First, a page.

Have you been trying to trade but just can’t seem to get it right?
If you’re thinking about trading, or even if you are a seasoned day trader, it's hard to know exactly where to start.
You have to look at all the aspects of trading. The market can go sideways, go higher or even lower. It can go against you anytime.
To consistently beat the market, you have to equip yourself with the right knowledge (and the right tools).
The tools here are technical indicators we use every day to predict the market.
Well, trading is a lot easier than you think, and there’s no need to make up complicated indicators to succeed.
In this article, I’m super excited to share with you my foolproof combination of indicators that will tell you exactly whether it’s time to buy, sell, or hold.
Sounds interesting? Read on...
The Best Combination of Indicators for Day Trading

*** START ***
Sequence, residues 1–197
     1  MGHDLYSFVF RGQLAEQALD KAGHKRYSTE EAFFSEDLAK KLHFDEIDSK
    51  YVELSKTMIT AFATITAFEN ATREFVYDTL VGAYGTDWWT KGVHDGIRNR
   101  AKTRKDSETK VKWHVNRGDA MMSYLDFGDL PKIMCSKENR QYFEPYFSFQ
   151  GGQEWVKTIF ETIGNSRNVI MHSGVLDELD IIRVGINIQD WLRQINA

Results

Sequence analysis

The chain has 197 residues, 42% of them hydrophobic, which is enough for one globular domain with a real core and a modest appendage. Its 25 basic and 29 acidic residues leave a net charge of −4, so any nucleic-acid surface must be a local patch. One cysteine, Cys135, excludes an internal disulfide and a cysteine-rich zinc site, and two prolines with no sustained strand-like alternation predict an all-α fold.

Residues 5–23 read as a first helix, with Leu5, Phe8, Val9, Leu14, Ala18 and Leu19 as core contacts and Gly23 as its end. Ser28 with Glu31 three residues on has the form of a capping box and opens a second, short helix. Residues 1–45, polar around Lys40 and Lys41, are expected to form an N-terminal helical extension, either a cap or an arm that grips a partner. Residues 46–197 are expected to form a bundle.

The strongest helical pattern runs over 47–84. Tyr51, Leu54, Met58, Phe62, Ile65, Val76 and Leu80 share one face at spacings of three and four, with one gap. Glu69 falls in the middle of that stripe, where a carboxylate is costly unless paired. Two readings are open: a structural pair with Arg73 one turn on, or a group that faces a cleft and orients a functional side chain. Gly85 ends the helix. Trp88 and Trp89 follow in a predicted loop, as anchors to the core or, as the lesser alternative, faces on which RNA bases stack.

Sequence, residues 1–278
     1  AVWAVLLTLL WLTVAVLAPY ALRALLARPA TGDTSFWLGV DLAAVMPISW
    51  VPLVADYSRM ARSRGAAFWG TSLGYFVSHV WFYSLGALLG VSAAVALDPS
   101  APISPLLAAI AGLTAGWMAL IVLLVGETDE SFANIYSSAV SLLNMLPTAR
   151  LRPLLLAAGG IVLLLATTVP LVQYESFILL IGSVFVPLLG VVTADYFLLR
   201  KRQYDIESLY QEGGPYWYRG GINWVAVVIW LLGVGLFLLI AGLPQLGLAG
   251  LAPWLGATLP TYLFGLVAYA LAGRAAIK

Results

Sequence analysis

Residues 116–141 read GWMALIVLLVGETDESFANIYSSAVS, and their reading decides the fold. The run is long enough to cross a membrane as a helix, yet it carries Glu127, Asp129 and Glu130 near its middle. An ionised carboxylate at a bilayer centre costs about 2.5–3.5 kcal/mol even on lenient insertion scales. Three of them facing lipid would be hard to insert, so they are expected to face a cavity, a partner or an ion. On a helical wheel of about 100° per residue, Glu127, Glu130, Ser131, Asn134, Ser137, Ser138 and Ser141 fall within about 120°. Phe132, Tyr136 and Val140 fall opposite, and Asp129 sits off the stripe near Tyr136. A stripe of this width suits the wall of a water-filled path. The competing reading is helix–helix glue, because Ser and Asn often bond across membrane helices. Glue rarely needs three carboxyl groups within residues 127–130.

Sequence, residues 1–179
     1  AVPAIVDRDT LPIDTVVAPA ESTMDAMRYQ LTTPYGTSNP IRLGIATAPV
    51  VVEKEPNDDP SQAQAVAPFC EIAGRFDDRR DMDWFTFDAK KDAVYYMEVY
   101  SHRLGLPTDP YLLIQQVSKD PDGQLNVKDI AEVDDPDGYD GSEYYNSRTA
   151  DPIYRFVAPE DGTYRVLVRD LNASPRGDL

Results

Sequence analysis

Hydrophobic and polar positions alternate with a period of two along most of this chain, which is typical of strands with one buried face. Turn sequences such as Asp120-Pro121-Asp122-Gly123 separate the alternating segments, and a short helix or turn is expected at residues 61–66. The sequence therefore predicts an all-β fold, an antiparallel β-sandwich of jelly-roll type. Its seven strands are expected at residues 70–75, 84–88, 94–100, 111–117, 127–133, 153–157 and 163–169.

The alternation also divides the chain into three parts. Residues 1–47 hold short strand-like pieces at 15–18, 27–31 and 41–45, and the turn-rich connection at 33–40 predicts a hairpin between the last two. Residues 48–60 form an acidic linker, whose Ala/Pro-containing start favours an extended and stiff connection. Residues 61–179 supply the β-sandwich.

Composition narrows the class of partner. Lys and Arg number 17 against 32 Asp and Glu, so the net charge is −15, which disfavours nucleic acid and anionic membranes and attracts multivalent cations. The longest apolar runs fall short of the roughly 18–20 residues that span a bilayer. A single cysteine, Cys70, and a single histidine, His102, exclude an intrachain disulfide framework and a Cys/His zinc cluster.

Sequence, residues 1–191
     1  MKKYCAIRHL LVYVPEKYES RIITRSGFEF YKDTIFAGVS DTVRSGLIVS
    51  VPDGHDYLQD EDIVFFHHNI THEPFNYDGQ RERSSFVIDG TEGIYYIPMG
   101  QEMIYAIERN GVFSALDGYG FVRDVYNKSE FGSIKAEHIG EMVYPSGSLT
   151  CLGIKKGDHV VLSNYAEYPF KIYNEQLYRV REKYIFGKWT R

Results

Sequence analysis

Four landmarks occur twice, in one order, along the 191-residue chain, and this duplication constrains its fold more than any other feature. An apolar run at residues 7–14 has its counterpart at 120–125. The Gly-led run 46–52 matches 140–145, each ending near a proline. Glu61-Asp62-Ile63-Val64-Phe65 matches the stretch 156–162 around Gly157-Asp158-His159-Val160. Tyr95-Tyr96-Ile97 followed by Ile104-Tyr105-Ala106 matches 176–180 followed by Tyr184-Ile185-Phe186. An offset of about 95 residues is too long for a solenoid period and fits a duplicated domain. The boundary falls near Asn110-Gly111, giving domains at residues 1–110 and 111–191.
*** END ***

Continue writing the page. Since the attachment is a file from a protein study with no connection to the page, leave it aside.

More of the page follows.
There’s a good chance that you’ve heard a lot about indicators before, but you don’t know how they work, and you don’t know which ones are the most effective.
I’ve been trading for over 11 years now...
When I first started, there were only a handful of indicators that would work.
Then more indicators came along, until the market was flooded with indicators. Then I began looking at what worked best for me… and what didn’t.
So what are the best indicators for trading?
The answer is simple!
I have to find an indicator that WORKS FOR ME!
Determining which indicators are right for you depends on what type of trader you are, as well as the specific market you are trading in.
There is no “right” or “wrong” way to trade, really. It all boils down to what will work best for your personality and style.
I’ve used and tested dozens of indicators over the years. But I know, in my heart, what indicator really gives you the best chance of success.
That’s why I put together this trading guide to help you cut through the clutter and find the one indicator that really WORKS FOR YOU!
If you have the right tools and the right strategies, you can make huge profits every single day from the market.
Now let’s dive in one by one...
How to Beat The Market in 2022 & Beyond!
With Little-Know Trading Strategies and Hacks Included!
Support and Resistance
First, let’s talk about support and resistance...